Probation violation and modification
hearings present valuable opportunities for mandating substance
abuse treatment. When a probationer is before the court for a probation
violation, the court may order a new assessment, initial treatment,
or intensified treatment as an alternative to incarceration. A court
may modify conditions of probation as a matter of common law. Buckley
v. Quincy Division of the District Court, 395 Mass. 815 (1985).
However, a court may not impose only part of a formerly suspended
sentence as a means of coercion. G.L. c. 279, §3; Comm. v. Holmgren,
421 Mass. 224 (1995). The use of straight probation and the imposition
of suspended sentences of different lengths, as recommended under
paragraph 3 above, however, give the judge the flexibility at the
time of a violation hearing to apply gradually escalating sanctions
for non-compliance. Sometimes, it is necessary for the judge to
revoke probation in order to protect public safety.
The District, Juvenile, or
Boston Municipal Court may hear requests for the civil commitment
of alcoholics and substance abusers upon the written application
of certain petitioners (police officer, physician, spouse, blood
relative, guardian or court official). G.L. c.123, §35. The judge
may order a person committed for up to 30 days upon a finding, based
on competent medical testimony, that the person is an alcoholic
or a substance abuser and that there is a likelihood of serious
harm as a result of his or her alcoholism or substance abuse. These
civil commitments may occur at any time during the pendency of a
criminal case, including at arraignment, and should also be considered
in other situations. Citizens who come to court looking for help
with a family member with a substance abuse problem should be informed
about community treatment resources or, if there appears to be a
likelihood of serious harm, should be informed about a petition
for a §35 commitment.
The Juvenile Courts and juvenile
sessions of the District Courts also have options to order treatment
for juveniles and parents in various types of cases.
In delinquency and youthful
offender cases, the judge may order substance abuse assessment and
treatment as a condition of probation for a juvenile adjudicated
delinquent or a youthful offender. G.L. c.119, §58. With the defendant's
consent, probation or diversion may be ordered even before adjudication.
G.L. c.276, §87; G.L. c 276A. If a juvenile is ordered committed
as a delinquent to the custody of the Department of Youth Services
(DYS), then DYS is responsible for finding suitable treatment services.
In such a case, the court should make specific recommendations to
DYS regarding substance abuse treatment.
2. Children in Need
"Children in need of service"
(CHINS), which includes runaways, truants, and stubborn children,
may be placed in the custody of the Department of Social Services
(DSS) with a request by the judge that treatment be provided. G.L.
c.119, §39H. After adjudication as a CHINS, a juvenile may be committed
to the custody of DSS with the same request by the judge for substance
abuse treatment. Another disposition is to allow the child to remain
in the custody of his or her parents, on the condition that he or
she comply with the substance abuse treatment ordered by the court.
Any such order must be made as a condition of custody only. The
judge may not directly order the child to engage in substance abuse
treatment. See Matter of Vincent, 408 Mass. 527 (1990).
3. Care and Protection
Care and protection cases
present a strategic opportunity for court intervention with substance
abusing parents, keeping in mind the best interests of the children.
G.L. c.119, §51A et seq. If the judge believes substance abuse may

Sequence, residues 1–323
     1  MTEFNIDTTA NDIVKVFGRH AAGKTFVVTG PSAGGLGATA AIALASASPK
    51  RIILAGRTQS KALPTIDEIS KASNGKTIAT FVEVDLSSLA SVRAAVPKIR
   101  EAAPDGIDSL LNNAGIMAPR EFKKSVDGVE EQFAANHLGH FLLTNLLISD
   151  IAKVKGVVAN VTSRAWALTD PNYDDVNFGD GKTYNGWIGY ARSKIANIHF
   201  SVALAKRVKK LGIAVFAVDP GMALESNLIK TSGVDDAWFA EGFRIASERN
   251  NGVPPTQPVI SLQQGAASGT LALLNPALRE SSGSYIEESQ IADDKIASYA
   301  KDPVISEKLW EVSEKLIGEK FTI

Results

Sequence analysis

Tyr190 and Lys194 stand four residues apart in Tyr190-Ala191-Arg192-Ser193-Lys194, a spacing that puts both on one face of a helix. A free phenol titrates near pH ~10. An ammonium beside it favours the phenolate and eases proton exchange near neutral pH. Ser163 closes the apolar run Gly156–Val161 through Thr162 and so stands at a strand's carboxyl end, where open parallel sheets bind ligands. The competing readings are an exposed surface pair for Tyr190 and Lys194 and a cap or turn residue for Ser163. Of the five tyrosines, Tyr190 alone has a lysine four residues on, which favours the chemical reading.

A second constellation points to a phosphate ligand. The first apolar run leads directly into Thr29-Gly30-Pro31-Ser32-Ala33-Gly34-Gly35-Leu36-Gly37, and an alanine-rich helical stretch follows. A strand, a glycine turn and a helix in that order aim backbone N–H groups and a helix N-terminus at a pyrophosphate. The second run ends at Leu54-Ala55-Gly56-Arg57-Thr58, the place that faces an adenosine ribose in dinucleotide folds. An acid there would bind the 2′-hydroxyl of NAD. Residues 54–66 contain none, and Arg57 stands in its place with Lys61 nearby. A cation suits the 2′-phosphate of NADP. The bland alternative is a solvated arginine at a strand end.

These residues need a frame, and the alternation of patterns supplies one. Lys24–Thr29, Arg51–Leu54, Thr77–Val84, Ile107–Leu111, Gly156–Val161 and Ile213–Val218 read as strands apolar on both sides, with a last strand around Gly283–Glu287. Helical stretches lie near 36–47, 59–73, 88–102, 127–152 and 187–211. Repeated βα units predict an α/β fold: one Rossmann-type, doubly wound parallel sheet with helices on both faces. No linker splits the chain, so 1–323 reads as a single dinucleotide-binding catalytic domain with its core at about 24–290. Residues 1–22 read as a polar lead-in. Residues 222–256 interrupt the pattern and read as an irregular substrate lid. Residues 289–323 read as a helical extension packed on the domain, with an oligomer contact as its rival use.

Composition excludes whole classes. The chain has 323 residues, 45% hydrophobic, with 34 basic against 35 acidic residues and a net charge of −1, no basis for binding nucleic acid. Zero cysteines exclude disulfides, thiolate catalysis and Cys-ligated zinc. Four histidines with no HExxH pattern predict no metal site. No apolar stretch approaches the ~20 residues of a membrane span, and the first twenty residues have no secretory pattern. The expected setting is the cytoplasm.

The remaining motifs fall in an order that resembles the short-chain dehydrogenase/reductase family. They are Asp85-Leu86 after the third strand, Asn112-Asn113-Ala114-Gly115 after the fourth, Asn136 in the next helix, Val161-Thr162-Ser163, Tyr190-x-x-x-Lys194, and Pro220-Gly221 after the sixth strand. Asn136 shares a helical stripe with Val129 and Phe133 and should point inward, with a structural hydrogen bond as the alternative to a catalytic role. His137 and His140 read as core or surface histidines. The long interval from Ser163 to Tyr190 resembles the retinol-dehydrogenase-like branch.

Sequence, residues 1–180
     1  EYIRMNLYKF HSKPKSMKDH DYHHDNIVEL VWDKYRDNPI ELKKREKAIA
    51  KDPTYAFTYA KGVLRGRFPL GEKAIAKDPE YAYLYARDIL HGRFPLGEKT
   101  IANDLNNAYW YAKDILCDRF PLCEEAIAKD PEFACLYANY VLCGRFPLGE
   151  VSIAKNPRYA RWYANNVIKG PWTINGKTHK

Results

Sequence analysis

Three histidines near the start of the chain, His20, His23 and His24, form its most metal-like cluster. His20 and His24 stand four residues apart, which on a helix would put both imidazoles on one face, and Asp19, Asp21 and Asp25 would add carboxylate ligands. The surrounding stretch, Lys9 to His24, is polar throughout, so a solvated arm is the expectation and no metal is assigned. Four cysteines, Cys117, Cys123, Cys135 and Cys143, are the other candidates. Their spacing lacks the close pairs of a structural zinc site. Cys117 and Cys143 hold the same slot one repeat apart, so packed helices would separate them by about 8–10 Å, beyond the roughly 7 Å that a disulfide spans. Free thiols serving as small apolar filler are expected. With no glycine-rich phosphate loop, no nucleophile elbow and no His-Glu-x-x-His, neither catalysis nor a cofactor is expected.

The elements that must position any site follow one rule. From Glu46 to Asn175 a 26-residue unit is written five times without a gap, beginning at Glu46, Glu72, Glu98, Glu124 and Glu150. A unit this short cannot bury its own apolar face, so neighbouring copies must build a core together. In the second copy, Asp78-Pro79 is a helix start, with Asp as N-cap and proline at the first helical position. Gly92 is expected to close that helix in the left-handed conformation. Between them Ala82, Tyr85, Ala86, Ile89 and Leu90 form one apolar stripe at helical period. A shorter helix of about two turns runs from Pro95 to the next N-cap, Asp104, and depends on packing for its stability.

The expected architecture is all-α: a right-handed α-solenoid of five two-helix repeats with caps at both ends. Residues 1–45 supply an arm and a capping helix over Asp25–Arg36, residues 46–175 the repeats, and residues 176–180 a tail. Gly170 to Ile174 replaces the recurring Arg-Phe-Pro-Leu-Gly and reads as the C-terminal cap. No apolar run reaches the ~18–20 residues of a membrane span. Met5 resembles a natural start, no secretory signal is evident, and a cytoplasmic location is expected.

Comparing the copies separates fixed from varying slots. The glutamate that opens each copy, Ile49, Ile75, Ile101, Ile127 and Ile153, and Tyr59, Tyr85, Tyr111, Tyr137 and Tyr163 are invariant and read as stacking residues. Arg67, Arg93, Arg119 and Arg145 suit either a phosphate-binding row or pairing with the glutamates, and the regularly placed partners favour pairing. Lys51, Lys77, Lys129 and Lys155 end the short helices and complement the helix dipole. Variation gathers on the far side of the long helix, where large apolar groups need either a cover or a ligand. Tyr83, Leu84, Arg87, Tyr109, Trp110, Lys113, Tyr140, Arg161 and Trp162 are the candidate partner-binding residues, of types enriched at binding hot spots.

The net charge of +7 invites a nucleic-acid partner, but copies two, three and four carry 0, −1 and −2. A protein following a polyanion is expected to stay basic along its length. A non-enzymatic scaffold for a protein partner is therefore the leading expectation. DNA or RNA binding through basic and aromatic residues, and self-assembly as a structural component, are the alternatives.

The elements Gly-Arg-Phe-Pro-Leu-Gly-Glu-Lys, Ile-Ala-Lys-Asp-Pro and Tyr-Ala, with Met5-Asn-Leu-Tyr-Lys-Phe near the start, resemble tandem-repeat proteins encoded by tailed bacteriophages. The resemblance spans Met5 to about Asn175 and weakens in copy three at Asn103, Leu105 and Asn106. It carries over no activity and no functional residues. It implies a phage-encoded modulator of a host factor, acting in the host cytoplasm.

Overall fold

be a factor, the judge should advise the respondent parent(s)/guardian
that failure to comply with substance abuse treatment will be considered
as a factor in making the ultimate determination of parental unfitness
or of termination of parental rights. However, the fact that the
judge did not advise the parent(s)/guardian of the ramifications
of failure to comply with substance abuse treatment does not prevent
the judge from considering substance abuse in making an ultimate
determination of parental unfitness or termination of parental rights.
Probate and Family Court cases
routinely involve substance abuse issues. These cases may involve
divorce or paternity-related custody or visitation disputes under
G.L. c.208 and c.209C, petitions to dispense with parents' rights
to consent to adoption under G.L. c.210, guardianships of minors
under G.L. c.201, or applications for orders of protection under
G.L. c.209A. The judge should identify substance abuse early in
any case involving children, provide for an assessment of the parent's
treatment needs, refer the parent to an appropriate substance abuse
treatment provider in order to address the problem, monitor the
parent's progress in treatment through interim hearings, and
manage the case by bringing it back periodically to determine progress
and adjust visitations accordingly. Faced with the loss of custody
of a child, a substance abusing parent is likely to be receptive
In domestic relations cases,
either a party or a probation officer (family service officer in
the Probate and Family Court) can best inform the judge of substance
abuse issues. The judge may also direct a family service officer
to investigate a family situation and submit a report to the judge.
As part of that report, the family service officer can assess the
validity and severity of any substance abuse allegations and make
recommendations to the court regarding custody, visitation, and
treatment for the substance abuser.
The court should take special
precautions when dealing with orders of protection under G.L. c.209A.
When dealing with a batterer who is also a substance abuser, treatment
for substance abuse should precede or be in conjunction with batterer's
treatment or the batterer's treatment will be ineffective. Therefore,
in cases involving batterers who are also substance abusers, the
judge should order substance abuse treatment as well as a certified
batterers' program. The Standards on Judicial Practice, Abuse Prevention
Guidelines, Guideline 6:01 state in part: "In addition to including
in the order terms necessary to ensure the safety of the plaintiff,
the judge or court personnel may recommend and refer the parties
to appropriate agencies for victims of violence and certified batterers'
programs. Among these may be counseling for substance abuse."